In 1999, a young man died in SARS custody after being beaten and tortured by officers who accused him of stealing a car. That same year, the US State Department released a report on Nigeria’s police force which revealed that “police, military, and anticrime task force personnel committed numerous extrajudicial killings in the apprehension and detention of suspected criminals.”

By this time, what had begun to develop was, according to Time Magazine, a systemic pattern of “extorting civilians or detaining and torturing them into giving confessions.”

A CULTURE OF TORTURE

By the early 2000s, the SARS unit had shifted its focus to cybercrime and became increasingly aggressive in their apprehension and treatment of suspected criminals. Officers began openly profiling young men in public whom they suspected of being involved in criminal activity and using harassment and extortion methods to obtain confessions.

In recent years, reports from both government and nonprofit organizations have documented an extensive record of abuse and mistreatment of Nigerians by members of the police force.

In 2007, the UN Special Rapporteur on torture released a report on the state of Nigerian policing, which found that “the use of torture was widespread in police custody, was particularly systemic in criminal investigation departments, and formed an intrinsic part of police operations, especially in the extraction of alleged confessions.”

In 2016, human rights group Amnesty International visited a SARS detention center in Abuja where they documented “widespread torture and other cruel, inhuman or degrading treatment or punishment of detainees in their custody.” That same year, the World Internal Security and Police Index ranked Nigeria as having the world’s worst police force among 127 countries measured.

And in early 2020, Amnesty published a comprehensive report which documented at least 82 cases of abuse and ill treatment of detainees by SARS officers between January 2017 and May 2020.

The report revealed that officers used “a variety of methods of torture including hanging, mock execution, beating, punching and kicking, burning with cigarettes, waterboarding, near-asphyxiation with plastic bags, forcing detainees to assume stressful bodily positions and sexual violence.”

A BBC report from early 2020 further exposed the use of draconian torture by Nigerian police forces, notable against children.

The use of torture was widespread in police custody, was particularly systemic in criminal investigation departments, and formed an intrinsic part of police operations.

Activist Eduek Nsentip told Assembly magazine that “the initiation of The Special Anti-Robbery Squad (SARS) was a good idea because they were vested with the responsibility of assisting the police to curb crime in the society.” But unfortunately, she said, “those employed into SARS abused their powers.”

At last, after decades of systemic abuse and mistreatment from the police, the groundwork had seemingly been laid for a mass public resistance.

A SOCIAL MEDIA MOVEMENT

It is unknown who first created the #EndSARS hashtag, but as early as 2017 dozens of young Nigerians began using the hashtag on social media to share stories of abuses and mistreatment by SARS officers that they had seen or experienced.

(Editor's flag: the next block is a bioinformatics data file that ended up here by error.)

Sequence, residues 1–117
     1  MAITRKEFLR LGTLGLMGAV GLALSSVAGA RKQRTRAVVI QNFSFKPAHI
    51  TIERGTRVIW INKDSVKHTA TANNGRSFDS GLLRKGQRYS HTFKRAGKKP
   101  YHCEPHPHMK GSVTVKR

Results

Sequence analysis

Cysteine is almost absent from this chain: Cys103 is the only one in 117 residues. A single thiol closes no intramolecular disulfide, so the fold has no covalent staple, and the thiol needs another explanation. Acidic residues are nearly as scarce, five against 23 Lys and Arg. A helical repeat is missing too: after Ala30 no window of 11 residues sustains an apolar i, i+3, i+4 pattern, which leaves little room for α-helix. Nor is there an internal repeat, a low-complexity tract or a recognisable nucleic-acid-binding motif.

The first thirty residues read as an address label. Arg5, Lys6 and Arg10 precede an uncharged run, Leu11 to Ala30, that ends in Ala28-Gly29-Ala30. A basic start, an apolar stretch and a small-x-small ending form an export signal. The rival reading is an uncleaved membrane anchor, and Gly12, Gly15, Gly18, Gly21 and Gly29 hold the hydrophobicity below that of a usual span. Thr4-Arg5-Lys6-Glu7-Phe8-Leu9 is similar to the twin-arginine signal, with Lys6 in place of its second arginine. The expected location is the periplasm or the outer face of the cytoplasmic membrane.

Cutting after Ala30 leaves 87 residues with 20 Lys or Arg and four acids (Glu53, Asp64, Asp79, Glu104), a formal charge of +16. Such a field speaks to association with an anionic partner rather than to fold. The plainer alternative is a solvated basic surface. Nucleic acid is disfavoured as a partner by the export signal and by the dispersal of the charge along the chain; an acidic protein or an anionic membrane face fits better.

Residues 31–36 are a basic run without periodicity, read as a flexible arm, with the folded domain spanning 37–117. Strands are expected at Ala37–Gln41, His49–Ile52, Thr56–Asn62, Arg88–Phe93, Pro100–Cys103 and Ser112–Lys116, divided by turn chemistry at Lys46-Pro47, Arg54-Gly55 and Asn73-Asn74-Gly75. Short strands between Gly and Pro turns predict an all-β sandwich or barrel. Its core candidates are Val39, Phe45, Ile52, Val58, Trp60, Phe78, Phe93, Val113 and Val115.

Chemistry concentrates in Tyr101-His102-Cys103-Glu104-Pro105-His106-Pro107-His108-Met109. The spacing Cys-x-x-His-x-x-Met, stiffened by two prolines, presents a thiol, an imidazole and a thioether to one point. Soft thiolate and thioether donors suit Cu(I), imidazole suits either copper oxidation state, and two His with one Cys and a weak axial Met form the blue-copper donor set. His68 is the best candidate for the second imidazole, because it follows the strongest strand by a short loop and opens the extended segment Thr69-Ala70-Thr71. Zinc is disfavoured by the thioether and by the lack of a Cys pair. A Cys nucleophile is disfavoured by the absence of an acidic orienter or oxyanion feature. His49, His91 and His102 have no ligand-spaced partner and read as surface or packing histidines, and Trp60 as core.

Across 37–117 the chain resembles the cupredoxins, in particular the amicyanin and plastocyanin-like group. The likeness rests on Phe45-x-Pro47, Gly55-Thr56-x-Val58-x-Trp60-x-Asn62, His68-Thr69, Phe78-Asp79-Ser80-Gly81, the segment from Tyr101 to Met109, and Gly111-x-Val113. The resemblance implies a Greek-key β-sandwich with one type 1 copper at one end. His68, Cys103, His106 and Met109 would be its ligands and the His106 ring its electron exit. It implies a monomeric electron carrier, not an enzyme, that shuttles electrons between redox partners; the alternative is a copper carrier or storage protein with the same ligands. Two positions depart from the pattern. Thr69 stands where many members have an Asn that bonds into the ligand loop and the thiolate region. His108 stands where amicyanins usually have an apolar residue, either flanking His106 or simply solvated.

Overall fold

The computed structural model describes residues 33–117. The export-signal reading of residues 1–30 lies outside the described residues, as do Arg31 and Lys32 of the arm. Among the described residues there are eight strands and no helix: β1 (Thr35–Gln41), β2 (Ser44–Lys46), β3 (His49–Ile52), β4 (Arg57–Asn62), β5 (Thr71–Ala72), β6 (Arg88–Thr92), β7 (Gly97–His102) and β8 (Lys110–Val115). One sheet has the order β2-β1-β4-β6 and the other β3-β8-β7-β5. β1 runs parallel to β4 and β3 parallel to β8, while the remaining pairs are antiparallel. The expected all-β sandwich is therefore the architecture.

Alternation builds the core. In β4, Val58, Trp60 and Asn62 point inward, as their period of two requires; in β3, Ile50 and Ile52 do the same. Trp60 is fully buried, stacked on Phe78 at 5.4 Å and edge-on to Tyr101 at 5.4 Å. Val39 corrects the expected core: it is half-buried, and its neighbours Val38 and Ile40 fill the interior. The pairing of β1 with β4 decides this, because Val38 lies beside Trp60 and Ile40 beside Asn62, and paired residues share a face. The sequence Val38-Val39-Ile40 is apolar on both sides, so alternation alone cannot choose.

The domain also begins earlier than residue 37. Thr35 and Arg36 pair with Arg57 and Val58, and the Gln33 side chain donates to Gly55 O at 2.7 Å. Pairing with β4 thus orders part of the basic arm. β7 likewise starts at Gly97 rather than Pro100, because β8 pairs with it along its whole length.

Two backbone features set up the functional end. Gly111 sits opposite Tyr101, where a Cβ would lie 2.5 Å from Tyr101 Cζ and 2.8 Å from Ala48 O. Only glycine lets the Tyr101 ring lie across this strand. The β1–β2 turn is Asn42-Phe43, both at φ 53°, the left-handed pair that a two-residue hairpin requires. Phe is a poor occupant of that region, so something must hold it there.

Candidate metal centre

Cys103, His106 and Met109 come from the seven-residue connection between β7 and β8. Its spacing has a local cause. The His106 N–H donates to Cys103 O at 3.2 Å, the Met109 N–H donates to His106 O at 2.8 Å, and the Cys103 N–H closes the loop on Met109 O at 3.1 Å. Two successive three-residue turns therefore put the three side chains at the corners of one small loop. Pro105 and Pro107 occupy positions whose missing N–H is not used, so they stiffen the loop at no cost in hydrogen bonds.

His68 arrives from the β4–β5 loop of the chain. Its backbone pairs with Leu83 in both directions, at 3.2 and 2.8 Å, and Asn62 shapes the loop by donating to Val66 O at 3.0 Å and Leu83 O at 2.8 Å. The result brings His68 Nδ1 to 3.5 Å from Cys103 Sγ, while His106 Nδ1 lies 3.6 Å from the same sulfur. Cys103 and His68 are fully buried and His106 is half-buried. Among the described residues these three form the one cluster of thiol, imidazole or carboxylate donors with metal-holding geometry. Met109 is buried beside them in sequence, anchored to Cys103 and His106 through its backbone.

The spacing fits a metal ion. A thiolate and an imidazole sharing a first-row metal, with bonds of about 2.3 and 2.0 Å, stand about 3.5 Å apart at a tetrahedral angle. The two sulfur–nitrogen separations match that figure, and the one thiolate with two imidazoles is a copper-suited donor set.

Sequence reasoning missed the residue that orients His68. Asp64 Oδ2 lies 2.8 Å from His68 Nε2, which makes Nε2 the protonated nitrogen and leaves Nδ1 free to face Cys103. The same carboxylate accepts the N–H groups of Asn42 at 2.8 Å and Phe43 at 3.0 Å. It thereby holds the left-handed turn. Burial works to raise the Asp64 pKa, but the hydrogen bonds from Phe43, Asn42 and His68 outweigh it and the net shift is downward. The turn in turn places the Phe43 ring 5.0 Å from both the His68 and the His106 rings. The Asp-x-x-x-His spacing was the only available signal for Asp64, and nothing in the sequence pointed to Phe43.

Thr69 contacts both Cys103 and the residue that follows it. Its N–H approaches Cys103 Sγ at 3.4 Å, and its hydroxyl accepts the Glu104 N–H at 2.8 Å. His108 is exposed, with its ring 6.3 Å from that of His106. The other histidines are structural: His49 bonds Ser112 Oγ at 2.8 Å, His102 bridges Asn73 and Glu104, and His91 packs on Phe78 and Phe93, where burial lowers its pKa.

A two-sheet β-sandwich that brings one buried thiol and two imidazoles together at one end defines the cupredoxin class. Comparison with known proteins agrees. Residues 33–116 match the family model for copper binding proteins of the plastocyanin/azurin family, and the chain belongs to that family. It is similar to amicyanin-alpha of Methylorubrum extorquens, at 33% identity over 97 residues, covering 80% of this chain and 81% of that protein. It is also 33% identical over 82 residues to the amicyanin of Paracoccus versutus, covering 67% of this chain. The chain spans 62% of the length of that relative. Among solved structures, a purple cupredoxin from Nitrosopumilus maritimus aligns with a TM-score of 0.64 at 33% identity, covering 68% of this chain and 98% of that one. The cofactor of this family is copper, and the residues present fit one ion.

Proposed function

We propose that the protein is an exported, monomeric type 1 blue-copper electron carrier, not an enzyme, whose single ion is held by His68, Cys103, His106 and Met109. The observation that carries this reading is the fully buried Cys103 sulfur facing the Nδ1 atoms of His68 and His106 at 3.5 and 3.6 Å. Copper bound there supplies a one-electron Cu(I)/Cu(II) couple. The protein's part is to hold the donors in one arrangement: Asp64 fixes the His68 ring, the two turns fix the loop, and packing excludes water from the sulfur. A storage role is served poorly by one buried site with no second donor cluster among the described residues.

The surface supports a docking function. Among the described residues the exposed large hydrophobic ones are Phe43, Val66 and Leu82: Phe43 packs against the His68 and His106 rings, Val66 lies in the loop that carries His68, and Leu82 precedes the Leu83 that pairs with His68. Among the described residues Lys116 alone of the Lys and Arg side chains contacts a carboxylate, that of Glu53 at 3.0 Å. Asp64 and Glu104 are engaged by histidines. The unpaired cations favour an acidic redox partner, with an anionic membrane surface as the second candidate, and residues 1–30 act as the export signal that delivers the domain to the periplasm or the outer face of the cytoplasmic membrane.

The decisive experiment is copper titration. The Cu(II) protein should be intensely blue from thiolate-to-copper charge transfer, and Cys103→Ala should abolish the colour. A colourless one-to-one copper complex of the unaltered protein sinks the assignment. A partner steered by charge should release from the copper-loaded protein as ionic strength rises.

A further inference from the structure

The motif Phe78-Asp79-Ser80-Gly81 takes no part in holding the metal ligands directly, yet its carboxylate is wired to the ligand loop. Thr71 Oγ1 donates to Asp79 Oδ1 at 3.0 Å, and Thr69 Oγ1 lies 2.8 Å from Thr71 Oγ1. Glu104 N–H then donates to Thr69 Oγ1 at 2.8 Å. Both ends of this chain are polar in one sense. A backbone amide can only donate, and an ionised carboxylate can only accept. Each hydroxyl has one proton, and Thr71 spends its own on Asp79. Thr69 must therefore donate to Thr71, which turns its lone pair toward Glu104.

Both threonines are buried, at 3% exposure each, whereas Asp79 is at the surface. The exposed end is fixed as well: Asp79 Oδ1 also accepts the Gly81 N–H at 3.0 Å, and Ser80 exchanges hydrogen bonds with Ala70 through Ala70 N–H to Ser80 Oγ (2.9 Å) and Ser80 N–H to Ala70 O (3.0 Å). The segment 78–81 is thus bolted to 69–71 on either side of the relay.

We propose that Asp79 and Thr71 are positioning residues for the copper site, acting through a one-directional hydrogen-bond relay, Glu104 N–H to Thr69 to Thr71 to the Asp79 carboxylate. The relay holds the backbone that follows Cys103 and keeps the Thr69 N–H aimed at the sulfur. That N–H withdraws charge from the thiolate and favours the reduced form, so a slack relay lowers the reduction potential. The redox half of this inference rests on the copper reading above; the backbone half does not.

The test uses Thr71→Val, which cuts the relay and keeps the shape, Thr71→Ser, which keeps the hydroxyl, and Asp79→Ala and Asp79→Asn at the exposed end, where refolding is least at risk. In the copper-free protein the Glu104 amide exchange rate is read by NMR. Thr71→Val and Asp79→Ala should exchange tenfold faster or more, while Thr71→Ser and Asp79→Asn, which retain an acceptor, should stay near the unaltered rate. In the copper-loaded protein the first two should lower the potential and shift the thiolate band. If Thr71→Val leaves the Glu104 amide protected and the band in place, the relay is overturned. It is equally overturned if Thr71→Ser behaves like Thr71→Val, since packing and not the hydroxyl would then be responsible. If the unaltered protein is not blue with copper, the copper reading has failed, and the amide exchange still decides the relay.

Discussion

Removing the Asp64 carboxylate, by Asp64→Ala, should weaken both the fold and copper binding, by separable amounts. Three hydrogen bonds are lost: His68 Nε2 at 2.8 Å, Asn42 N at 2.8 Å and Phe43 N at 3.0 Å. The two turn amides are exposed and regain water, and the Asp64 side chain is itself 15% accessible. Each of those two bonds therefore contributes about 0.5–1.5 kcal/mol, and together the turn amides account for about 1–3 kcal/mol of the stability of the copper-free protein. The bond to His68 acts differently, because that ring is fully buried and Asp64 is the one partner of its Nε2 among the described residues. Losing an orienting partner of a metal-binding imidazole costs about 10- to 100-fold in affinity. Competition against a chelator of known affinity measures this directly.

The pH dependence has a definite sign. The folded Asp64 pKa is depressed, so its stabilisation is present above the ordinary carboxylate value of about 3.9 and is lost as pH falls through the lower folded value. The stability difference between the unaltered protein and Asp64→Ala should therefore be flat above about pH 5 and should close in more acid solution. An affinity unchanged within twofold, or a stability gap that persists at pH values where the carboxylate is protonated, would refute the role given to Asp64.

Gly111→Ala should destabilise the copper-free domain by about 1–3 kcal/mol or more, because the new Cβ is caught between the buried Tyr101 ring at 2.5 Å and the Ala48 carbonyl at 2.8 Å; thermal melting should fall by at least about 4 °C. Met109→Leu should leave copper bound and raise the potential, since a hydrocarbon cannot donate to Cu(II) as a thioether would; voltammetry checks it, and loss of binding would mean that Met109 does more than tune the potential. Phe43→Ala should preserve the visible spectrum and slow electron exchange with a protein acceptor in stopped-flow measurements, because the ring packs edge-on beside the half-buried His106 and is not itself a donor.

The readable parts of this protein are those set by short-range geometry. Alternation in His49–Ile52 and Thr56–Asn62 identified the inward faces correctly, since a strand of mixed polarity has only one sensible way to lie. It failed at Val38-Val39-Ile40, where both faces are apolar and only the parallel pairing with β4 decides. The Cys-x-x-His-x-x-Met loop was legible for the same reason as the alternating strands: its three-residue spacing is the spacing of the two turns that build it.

In December 2017, Twitter user @bejayten wrote, “weeks ago I was attacked by a SARS officer, threatened to shoot me, searched my room, found nothing, yet still beat me….. The brutality must stop #EndSARS.” Another user @RozayBaresi lamented, “whenever I see those guys called SARS, the feeling I have is equivalent to seeing armed robbers because of what I heard they do to people. #EndSARS.”

Over the next several months, which turned into years, Nigerian officials made multiple promises to reform and restructure SARS. But nothing ever fully came to fruition from the government. Incidents of police brutality continued to persist and young Nigerians continued to fear for their lives.

In August 2018, then acting President of Nigeria, Yemi Osinbajo, ordered Nigeria’s National Human Rights Commission (NHRC) to establish a special panel to investigate alleged human rights abuses committed by SARS officers.

In June 2019, the Commission released a report which recommended the dismissal and prosecution of 24 SARS officers, the dismissal of another 13 officers, and the arrest and prosecution of two retired SARS officers. Meanwhile, allegations of abuse and misconduct by SARS officers continued to persist.

In June 2020, Nigeria commemorated the annual International Day Against Victims of Torture, with NHRC head Tony Ojukwu calling on law enforcement officials to “desist from all forms of torture and other cruel, inhuman and degrading treatment as these are not acceptable in any national, regional or international law.”

But just three months later, in October 2020, the video of a SARS officer shooting a young man in the street and leaving him for dead began circulating on social media. It was at this moment, after decades of abuse and mistreatment upon the citizens of Nigeria, that tensions finally reached a boiling point and the #EndSARS movement took off once again.

Protestors

EndSARS protestors demonstrating in the streets of Calabar Nigeria. Photo credit Mirabelle Morah